Should we use technology to help us learn Spanish?
This morning I read an article in a national newspaper looking at mobile technology in the Spanish learning classroom
It divided schools up into two groups:
- Schools which allow learners to use technology in lessons (such as UKLP Bristol where our Spanish courses in Bristol allow phones and electronic devices in the classroom)
- Schools which don’t allow learners to use technology in lessons
From the teachers’ part, there is always the argument that smartphones and tablets “disturb lessons” – they are a nuisance and distract learners from the focus of the lesson.
However, the opposite argument is that mobile technology can bring a lot to lessons and learning in general. For example:
- You need a word but can’t think of it in the language you’re learning: look it up using the Google Translate app or another mobile dictionary app.
- Your teacher uses a word that you think you know but you’re not 100% sure: look the word up in your own language or in the language you’re learning on Google Images and then show it to your teacher to confirm if it is what you were thinking about.
- You’re not very good at taking handwritten notes? Then download a voice recorder, such as Voice Record Pro on the iTunes store or Smart Voice Recorder on Google Play, and record the lesson – that way you can listen back to what the teacher said in your own time.
- You’ve been a little behind in class and don’t have the time to take down all the notes from the board because the lesson is about to end: use the camera on your smartphone to take a photo of the board. Or even if you miss a class – take a pic of your classmate’s notes.
Mobile Phones are a Gateway to the Internet
Once you start looking at mobile technology as a gateway to the Internet, then the possibilities for its use in the classroom start to become endless. Within a matter of seconds you can be reading something of interest in Spanish. Something only a few years ago would have been impossible to even imagine. If you need help with reading in Spanish take a look at our 5 step guide to improving your Spanish reading skills.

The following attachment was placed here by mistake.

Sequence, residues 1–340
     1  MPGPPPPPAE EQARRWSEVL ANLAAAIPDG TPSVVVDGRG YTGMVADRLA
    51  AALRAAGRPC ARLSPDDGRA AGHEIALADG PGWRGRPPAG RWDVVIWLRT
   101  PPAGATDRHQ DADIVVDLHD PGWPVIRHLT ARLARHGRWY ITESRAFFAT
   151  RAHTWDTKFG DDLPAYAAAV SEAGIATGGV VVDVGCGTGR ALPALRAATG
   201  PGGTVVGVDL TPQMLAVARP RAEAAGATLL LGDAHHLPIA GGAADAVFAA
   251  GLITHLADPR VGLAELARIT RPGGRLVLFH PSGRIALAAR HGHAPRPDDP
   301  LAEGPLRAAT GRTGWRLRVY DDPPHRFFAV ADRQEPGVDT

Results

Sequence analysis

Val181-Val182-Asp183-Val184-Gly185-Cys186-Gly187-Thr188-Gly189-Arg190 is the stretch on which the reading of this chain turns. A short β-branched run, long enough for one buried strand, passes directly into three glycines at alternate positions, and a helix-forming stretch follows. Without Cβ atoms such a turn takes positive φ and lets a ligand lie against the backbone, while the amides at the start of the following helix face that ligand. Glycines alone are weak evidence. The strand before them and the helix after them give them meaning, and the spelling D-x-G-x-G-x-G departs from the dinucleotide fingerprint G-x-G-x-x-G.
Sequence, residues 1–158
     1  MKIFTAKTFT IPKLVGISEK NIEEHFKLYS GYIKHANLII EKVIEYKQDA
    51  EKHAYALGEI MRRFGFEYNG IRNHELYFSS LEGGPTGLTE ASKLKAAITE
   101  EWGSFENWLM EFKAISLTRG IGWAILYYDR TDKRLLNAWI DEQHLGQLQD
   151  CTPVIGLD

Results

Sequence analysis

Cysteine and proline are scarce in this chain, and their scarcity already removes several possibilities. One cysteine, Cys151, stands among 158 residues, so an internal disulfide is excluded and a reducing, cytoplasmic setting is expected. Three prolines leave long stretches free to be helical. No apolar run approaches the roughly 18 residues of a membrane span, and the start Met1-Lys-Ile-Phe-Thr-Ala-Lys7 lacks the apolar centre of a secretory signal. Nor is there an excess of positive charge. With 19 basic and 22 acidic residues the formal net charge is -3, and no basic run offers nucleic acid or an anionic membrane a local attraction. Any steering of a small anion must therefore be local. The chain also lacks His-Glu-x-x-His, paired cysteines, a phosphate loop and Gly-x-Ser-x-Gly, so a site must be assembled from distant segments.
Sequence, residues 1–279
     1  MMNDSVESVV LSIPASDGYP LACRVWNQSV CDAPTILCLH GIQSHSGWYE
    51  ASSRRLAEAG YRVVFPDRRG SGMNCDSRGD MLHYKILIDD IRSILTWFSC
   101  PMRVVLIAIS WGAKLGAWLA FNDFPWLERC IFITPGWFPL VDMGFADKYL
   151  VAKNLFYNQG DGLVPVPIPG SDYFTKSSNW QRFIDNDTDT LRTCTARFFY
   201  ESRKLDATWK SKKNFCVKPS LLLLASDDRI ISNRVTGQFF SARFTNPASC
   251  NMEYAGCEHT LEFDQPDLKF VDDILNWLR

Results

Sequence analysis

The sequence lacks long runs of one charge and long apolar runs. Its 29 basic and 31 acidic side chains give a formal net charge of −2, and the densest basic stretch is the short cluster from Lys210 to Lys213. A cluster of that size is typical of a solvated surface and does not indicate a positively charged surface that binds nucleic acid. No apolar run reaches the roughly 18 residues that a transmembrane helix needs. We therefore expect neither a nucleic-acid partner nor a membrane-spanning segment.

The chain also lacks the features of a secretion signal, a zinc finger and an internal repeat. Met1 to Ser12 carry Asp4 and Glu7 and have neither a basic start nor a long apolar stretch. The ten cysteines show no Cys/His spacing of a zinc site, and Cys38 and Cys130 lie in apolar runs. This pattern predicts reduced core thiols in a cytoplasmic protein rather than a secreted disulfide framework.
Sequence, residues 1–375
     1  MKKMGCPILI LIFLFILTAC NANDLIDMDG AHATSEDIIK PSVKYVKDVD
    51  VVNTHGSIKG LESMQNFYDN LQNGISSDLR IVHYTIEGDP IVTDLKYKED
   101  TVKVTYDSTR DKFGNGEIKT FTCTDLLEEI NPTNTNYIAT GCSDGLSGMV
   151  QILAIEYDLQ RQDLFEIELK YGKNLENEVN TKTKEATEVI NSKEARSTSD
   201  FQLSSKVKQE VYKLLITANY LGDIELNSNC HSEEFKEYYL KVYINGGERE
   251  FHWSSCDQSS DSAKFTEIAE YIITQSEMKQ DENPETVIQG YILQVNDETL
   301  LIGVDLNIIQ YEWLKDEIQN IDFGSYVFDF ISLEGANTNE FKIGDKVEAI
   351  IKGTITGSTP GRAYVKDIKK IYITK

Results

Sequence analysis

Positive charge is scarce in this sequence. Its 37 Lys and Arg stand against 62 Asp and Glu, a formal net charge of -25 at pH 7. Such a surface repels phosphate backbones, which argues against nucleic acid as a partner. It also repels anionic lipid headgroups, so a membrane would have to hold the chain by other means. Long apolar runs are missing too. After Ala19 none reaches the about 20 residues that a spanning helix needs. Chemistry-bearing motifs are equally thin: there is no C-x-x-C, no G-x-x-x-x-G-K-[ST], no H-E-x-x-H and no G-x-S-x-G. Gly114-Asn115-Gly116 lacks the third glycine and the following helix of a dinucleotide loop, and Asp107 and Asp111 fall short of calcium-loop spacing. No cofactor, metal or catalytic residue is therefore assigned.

To mention another important use: if you can access your school’s Wi-Fi, then get yourself on Twitter through your mobile phone.
Twitter is a great way to connect with other language learners, language specialists and dedicated language learning profiles and websites. Putting a question out on Twitter can bring back fantastic results in a matter of seconds.
If you log in to Twitter and type in the hashtag #BYOD you’ll find a wealth of information on this new phenomenon: Bring Your Own Device.
Should Technology be Involved at all?
In short, the idea is simple: we live in a world where the number of digital natives is starting to outnumber the non-digital natives, so why take away what they live and breathe? Why remove technology from the classroom, put it in a special ‘computer room’ and let learners only use it when the teacher deems necessary.
Digital natives use technology all day, every day – why change this in the classroom? They know how to use it to their advantage when finding out information, contacting people or sending files – surely these skills can be transferred to the language classroom.
In fact, the Austrian Institute for Applied Telecommunications (OIAT) recently produced a pamphlet in which they outlined advice for learners, parents and teachers on how best to use technology in the classroom. In short, it states learners should use it to their advantage and appropriately i.e. not for messing around.
Of course, there is always the risk of learners using technology inappropriately in the classroom: they could be playing on Facebook instead of doing their work.
Although this is always possible, I think it makes more sense to take a ‘trusting approach’ – educate learners about the benefits of using technology appropriately in the classroom and then place the trust in their hands to take the reigns of their own education.
Previous articleHow it works for corporate individuals
Comments are closed.
A polyglot and international traveller. Anthony speaks 6 languages and loves sharing his passion of language learning through his writing.
Download Free eBook Now
How to start learning Spanish
Mar 15 2021